One of the most common real estate investment transactions is the 1031 Exchange. Simply
put, a 1031 Exchange (also called a “like-kind” exchange) is the swap of one investment asset
for another which defers capital gains taxes on profits.
A like-kind asset refers to selling one class of investment for a similar type of asset. For
example, an investor currently holds several multi-family properties, such as duplexes, and
wishes to sell them all in order to purchase a larger multi-family property, such as an
apartment complex. This would qualify as a like-kind exchange.
There are specific IRS rules which must be carefully adhered to in order to qualify for the
deferred capital gains tax. The sale must take place through an intermediary. Title companies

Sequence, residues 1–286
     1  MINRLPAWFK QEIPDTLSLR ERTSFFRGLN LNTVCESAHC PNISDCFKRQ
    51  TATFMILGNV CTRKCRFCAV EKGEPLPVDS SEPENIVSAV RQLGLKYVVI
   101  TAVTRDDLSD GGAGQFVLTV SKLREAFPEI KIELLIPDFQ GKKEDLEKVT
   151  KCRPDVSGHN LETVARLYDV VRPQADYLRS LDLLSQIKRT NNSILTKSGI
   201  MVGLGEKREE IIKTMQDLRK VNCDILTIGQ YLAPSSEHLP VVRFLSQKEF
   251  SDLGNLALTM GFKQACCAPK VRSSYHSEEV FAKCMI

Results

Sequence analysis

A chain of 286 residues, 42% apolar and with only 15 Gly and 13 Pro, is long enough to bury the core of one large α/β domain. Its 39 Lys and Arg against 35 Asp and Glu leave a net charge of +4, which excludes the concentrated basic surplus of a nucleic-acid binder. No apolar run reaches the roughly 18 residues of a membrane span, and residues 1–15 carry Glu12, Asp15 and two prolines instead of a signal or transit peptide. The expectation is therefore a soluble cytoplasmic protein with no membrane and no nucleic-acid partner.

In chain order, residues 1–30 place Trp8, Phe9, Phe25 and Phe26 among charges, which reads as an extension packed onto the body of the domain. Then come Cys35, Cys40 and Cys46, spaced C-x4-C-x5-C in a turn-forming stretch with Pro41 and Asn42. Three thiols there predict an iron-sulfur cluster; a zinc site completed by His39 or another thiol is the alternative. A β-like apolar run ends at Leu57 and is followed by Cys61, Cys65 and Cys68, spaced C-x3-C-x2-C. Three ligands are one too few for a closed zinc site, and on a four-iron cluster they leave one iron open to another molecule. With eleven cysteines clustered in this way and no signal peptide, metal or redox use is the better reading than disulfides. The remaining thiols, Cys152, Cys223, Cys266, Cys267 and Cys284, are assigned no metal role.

are one such option and when coupled with the use of a real estate agent, the easiest. The
new asset must also be identified within 45 days of the sale of the current asset and the sale
must conclude within 180 days. Finally, the asset must be held for over 1 year before it is
eligible for use in a 1031 exchange.
Serious investors use the 1031 exchange to buy and sell assets as new opportunities present
themselves, while shielding themselves from immediate capital gains liability.